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Review: Klara and the Sun

Klara and the Sun

Klara and the Sun
By Kazuo Ishiguro
Knopf, 9780593318171, March 2021, 320pp.

The Short of It:

Love, loneliness and loyalty are front and center in this story about friendship.

The Rest of It:

Klara spends her days at the store, rotating positions with others. Some days she is in the shop window and able to watch the busy people rushing past the shop, interacting with others and living their lives. Other days, she is moved to the back of the store. On these days, her only view is that of others in the store and she can’t help but yearn for more hours in the window. Hours where she can feel the sun’s warmth and personally experience its rejuvenating effect.

Klara is an AF, an Artificial Friend. Although there are newer models with more advanced features than what she can offer, Klara is spotted by Josie, a young girl and instantly, Josie is sure that Klara is the AF for her, but the two do not meet at that moment. The mother needs more convincing and so Klara, although hopeful to find a new home, is moved to the back of the store again.

Months pass and Klara has all but given up hope, but then there she is, Josie. Klara’s heart is bursting at the sight of her but she can’t help but notice that Josie doesn’t look well. So as Klara is taken to Josie’s home, she quickly realizes that Josie is a special girl and that not only will she be Josie’s best friend, she will also be the one to notice her rapid decline in health and be the one to do something about it.

What a story. It’s a little weird and sad and somehow manages to hit on all the things we are feeling now. Disappointment, loneliness, isolation, hope. What does it mean to be a friend to someone? How can you love a person when you are in fact a machine? What happens when your purpose conflicts with your heart?

You might think that it will be difficult to feel much while reading this story about what is essentially a robot but think twice. Remember that episode of the Twilight Zone, Sing the Body Electric? Bradbury wrote the script and it later became a story with the same name. Anyway, I felt all the emotions while watching that episode and I felt the same way here. Ishiguro presents an AF who is almost too human and I loved her. I loved her gentle observations and her willingness to sacrifice herself when needed. Truthfully, I am a little sad now as I just turned the last page not long ago. This story will sit with me for a long while.

If you are wondering about the title, it’s all explained in the story and probably represents many things but I will keep my thoughts to myself so that you can consider the meaning yourself.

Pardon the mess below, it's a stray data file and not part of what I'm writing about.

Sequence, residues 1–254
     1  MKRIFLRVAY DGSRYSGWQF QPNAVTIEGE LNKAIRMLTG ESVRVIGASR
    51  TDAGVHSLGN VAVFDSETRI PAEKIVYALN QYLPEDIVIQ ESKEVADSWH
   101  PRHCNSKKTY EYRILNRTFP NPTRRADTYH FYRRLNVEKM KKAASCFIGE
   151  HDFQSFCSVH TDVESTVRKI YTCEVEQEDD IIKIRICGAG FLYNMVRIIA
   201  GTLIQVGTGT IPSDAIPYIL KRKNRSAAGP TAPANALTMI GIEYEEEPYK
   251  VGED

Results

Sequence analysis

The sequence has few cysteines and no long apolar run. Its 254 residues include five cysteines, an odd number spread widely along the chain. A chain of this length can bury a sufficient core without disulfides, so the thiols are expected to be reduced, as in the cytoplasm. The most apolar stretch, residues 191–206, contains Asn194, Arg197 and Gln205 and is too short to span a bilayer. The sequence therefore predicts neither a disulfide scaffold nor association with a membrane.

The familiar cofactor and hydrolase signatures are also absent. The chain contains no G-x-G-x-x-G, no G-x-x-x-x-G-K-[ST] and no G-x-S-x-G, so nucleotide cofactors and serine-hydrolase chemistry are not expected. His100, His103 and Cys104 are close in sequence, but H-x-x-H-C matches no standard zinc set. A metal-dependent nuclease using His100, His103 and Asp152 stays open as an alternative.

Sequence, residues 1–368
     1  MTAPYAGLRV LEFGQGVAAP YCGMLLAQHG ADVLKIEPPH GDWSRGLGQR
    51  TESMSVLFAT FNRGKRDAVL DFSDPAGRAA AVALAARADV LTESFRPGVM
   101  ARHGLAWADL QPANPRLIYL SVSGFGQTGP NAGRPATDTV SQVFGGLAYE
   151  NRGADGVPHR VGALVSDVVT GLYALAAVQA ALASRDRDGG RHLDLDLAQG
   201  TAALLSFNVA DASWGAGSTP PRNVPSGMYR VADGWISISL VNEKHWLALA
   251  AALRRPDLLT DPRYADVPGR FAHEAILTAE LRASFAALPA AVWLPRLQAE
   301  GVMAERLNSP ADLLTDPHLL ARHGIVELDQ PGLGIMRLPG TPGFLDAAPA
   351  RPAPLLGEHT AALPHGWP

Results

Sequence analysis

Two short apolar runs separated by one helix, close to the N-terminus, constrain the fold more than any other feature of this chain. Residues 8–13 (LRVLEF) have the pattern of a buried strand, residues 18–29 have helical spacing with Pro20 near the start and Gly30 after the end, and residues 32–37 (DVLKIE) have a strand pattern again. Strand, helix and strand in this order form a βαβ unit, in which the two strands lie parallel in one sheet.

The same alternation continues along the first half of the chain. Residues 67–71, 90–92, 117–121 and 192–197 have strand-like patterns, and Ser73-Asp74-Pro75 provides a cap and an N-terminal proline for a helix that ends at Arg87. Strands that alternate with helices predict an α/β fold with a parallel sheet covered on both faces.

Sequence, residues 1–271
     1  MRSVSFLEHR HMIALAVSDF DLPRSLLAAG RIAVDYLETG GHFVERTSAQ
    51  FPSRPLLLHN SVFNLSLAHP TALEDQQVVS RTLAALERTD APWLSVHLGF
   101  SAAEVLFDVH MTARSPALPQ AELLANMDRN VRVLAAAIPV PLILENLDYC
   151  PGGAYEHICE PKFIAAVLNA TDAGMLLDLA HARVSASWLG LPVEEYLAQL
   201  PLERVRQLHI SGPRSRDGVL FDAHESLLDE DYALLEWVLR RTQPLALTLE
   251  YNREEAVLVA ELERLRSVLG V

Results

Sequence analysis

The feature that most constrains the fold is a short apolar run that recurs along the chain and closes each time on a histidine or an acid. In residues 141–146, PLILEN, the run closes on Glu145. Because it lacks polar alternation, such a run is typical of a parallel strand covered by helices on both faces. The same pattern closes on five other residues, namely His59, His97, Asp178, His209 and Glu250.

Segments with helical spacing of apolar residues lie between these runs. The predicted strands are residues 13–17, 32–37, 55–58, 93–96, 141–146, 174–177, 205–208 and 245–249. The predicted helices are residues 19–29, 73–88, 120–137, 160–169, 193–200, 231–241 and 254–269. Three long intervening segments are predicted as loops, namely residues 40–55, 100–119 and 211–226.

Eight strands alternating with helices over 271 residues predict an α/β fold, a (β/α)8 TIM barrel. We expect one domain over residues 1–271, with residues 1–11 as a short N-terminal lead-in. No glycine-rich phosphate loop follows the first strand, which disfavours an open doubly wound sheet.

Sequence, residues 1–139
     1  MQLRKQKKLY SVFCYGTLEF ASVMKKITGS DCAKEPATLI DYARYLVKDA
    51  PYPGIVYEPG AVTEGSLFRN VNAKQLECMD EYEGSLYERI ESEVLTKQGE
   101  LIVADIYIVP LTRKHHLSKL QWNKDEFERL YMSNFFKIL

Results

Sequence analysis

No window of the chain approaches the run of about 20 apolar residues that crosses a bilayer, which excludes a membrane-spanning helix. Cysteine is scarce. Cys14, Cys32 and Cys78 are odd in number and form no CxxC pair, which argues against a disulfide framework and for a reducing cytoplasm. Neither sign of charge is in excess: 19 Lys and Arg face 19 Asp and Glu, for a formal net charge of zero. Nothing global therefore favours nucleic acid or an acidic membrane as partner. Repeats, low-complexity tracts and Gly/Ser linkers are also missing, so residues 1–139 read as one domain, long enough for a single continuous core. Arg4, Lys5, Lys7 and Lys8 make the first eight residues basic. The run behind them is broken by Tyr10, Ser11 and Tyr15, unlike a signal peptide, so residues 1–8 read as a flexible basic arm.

Source: Review copy provided by the publisher.
Disclosure: This post contains Indiebound affiliate links.

Review: The Wife Upstairs

The Wife Upstairs

The Wife Upstairs
By Rachel Hawkins
St. Martin’s Press, 9781250245496, January 5, 2021, 304pp.

*No Spoilers*

The Short of It:

This is the perfect read for now. Quick, impossible to put down and some twists for good measure.

The Rest of It:

Jane’s life has been less than luxurious. As a product of the foster care system, she is skeptical, guarded and envious of those who have it easier. Scraping pennies to get by and forced to live with a roommate she truly cannot stand, she finds a job walking dogs in a ritzy neighborhood. Jane is not much of an animal lover but she is fascinated by the McMansions in this community and the people who live in them. The women, all rich and well-taken care of, have no idea what it’s like to not make the rent. Jane wonders what it would be like to be one of them.

Jane’s fascination with these women leads her to Eddie who is recently widowed. His wife Bea went missing in a boating accident with her best friend Blanche. Bea was eventually declared dead even though they never found her body because in order for Eddie to take over her home decor business her death had to be legally noted. Eddie lives alone in his big, beautiful house but when he sees Jane walking the neighbor’s dog there is a little spark. A spark that prompts him to get his own dog so that Jane can walk his dog too. The two find an instant connection but Jane senses something more there.

Eddie’s wife has only been gone for a short while and since many of the ladies in the neighborhood were good friends with Bea and Blanche, they can’t help but be skeptical over this new, young woman in Eddie’s life but Jane is determined to be one of them and when Eddie provides free use of his credit card, she begins to find her way in.

It all sounds very superficial but it’s superficial in the way those rich housewives shows are. Juicy and full of gossipy goodness. Jane is not perfect by any stretch of the imagination but as the story unfolds, you quickly begin to realize that something much darker is at play and it’s good, very good. I picked this book up and didn’t put it down until I turned the last page.

It’s being called a modern retelling of Jane Eyre which I find interesting. I didn’t see it as that myself but it was juicy and twisty in all the right places and perfect for my mood. Very entertaining.

Source: Review copy provided by the publisher.
Disclosure: This post contains Indiebound affiliate links.